“He calls his own sheep by name and leads them out” (Jo. 10:3).
One of the earliest images of Jesus found in the catacombs of Rome is a drawing of a young, beardless shepherd in the midst of the flock. Around are verdant pastures and still waters, as in the psalm. In John’s Gospel, Jesus calls himself “the Good Shepherd” (Jo. 10:11), and the early Christians took it to heart. Even for urban churchgoers, the bucolic image of the shepherd had appeal. In the context of deadly persecution the shepherd’s rod and staff were a com-fort, in the sense of fortification. If you are walking in the valley of the shadow of death, as those early worshippers were, you want the shepherd close at hand.
There’s more here, however, than the Good Shepherd who’s stronger than death. There’s also the voice of the shepherd which we are bound to hear. Think again about our Gospel reading. The sheep are in the fold during the night. In the early morning, before the full light, the sheep and the gatekeeper have to rely on distinguishing the voice of the shepherd. “The sheep follow him,” it says, “because they know his voice” (Jo. 10:4).
The strong contrast here is with “the voice of strangers” (Jo. 10:5). “Very truly, I tell you, anyone who does not enter the sheepfold by the gate but climbs in by another way is a thief and a bandit” (Jo. 10:1). If the sheep follow the voice of strangers they are likely to discover that the voice doesn’t belong to the shepherd but to someone more sinister. “The thief comes only to steal and kill and destroy” (Jo. 10:9). “Death is their shepherd” (Ps. 49:14), the Psalmist says. The flock becomes a target, and the voice of strangers leads the flock to destruction.
In his day, the prophet Ezekiel accused the leaders of Israel of being shepherds who failed to feed the flock, and instead fed on the flock. “You have not strengthened the weak, you have not healed the sick, you have not bound up the injured, you have not brought back the strayed, you have not sought the lost, but with force and harshness you have ruled them” (Ezek. 34:4). With that kind of shepherd you hardly need enemies.
Ezekiel observed the flock of Israel being scattered, and delivered to the People the word that God himself would dispense with useless shepherds, and take up the pastoral staff himself. God would be their shepherd. No longer would they be subject to thieves and bandits, to the not so tender mercies of deadly shepherds. “I will rescue them from all the places to which they have been scattered on the day of clouds and thick darkness” (Ezek. 34:12). It’s in this contrasting sense, and with Ezekiel’s words in mind, that Jesus calls himself the good shepherd, whose voice the flock recognizes.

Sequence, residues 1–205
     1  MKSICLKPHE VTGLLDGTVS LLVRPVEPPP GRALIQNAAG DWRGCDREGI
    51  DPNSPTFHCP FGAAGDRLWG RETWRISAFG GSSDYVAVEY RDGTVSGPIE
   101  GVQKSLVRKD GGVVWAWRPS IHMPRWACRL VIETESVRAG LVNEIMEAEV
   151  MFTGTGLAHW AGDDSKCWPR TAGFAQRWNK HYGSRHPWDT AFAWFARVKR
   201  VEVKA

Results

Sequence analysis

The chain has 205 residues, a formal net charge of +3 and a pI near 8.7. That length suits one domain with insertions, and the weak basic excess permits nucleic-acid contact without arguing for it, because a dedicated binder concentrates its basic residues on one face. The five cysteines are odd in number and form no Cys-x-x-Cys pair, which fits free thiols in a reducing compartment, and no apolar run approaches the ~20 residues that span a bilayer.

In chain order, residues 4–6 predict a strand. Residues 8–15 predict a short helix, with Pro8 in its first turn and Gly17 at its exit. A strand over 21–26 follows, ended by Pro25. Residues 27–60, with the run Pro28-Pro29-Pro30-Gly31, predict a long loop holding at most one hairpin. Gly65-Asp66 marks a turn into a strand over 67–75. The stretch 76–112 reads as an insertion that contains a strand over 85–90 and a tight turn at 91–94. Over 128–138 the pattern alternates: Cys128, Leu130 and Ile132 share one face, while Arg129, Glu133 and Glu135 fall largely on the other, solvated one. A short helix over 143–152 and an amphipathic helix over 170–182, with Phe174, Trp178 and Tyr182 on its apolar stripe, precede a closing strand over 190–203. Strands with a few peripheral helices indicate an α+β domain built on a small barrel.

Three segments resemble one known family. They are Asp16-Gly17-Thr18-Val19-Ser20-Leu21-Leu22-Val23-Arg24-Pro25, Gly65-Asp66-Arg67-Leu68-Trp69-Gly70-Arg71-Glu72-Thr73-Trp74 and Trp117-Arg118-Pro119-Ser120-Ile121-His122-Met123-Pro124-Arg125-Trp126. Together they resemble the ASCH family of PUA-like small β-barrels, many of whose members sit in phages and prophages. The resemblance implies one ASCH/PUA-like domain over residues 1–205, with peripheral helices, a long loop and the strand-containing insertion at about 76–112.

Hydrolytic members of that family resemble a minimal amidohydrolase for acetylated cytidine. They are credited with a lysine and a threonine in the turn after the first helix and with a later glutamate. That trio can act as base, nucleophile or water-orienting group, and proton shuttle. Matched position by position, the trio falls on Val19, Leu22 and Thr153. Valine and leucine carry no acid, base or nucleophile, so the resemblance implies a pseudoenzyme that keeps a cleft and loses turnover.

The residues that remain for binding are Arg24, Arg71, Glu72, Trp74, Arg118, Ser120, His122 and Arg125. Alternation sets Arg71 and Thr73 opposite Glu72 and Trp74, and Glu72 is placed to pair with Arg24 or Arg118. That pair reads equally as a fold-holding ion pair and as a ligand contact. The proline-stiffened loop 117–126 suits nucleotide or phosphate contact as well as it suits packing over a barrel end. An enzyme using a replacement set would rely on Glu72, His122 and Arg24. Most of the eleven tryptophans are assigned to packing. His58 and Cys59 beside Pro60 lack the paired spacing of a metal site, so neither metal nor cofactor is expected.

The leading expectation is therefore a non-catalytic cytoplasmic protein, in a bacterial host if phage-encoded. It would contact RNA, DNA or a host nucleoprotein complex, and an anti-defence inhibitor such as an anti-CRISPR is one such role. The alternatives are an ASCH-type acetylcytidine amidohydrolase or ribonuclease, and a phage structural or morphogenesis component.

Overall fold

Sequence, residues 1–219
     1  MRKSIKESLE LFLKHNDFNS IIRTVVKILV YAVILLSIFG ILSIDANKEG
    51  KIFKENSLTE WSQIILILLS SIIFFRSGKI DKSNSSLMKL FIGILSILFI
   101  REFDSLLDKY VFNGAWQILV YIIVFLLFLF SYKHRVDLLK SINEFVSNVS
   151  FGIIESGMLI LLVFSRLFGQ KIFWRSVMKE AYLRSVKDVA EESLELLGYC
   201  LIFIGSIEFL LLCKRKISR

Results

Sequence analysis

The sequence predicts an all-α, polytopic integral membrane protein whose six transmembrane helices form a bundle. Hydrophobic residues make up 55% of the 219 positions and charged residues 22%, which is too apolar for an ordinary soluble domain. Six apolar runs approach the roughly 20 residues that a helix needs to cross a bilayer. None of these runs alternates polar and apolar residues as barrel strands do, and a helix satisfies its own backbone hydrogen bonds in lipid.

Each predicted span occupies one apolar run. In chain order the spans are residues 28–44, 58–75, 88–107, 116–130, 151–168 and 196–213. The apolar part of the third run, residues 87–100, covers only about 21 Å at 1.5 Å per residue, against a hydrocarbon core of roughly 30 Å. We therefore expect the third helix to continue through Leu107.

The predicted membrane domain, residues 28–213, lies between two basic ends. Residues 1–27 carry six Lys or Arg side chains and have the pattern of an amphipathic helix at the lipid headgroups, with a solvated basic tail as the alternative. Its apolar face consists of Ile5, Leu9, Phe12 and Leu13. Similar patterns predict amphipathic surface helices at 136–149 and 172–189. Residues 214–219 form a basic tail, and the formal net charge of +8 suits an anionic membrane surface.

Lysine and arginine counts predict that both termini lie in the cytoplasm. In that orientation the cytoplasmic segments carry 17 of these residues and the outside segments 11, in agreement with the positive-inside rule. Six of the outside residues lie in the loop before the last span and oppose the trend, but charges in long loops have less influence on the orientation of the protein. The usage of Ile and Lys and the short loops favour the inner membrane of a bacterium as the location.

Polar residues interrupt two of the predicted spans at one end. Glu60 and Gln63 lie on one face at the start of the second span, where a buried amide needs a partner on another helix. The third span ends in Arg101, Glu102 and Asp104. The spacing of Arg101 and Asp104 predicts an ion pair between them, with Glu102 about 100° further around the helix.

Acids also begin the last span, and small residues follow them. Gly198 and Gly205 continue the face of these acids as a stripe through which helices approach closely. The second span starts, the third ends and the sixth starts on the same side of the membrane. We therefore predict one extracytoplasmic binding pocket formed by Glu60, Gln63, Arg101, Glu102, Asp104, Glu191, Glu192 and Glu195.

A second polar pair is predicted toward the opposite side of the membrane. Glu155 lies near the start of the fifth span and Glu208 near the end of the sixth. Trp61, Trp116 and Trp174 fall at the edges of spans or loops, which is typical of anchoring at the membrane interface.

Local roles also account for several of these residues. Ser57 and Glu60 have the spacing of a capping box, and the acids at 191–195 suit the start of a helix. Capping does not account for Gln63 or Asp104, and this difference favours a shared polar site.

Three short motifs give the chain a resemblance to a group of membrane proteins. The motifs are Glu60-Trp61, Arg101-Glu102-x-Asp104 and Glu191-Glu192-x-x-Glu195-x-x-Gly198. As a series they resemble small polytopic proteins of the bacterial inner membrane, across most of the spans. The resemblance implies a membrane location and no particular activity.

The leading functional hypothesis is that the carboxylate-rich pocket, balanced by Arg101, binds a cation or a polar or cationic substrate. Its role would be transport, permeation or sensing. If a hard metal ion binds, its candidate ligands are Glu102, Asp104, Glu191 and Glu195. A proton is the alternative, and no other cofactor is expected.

What’s it like to be duped by the voice of strangers? There are so many misleading voices at work in the world that there are abundant suspects. Propaganda; fake news; Russian “trolls”: take your pick. The voices of misinformation are legion. The people who are trying to get your social security number through text messages, and the folks who want you to send them your bank account information so they can send you money are straight up thieves and robbers, but some voices of strangers are harder to figure out. A good rule of thumb is that if the voice makes you anxious and fearful, it probably isn’t the voice of the shepherd.
For the good shepherd comes, as Jesus says in our Gospel today, so “that they may have life, and have it abundantly” (Jo. 10:10). This is why the image in the catacombs shows the shepherd leading the flock among the green pastures and the still waters. The key to discerning the voice of Jesus amongst the discordant voices that mislead and misdirect is to listen for him calling us by name. He knows us better than we know ourselves, so the voice of the shepherd will connect with us in a different way.
It’s the voice of the one who is gathering the flock, not scattering it. Dispersal and polarization are the way to destruction, but the good shepherd leads us to life. This is the gift of community, the truth that we can only discover together. This truth brings us to the altar rail so that we can discover that together we are the Body of Christ, through receiving the sacrament of his Body and Blood. This truth brings us to proclaim our faith and renew our baptismal vows, by which we were first brought into the community of faith. Listen carefully, and hear Jesus calling each of us by name.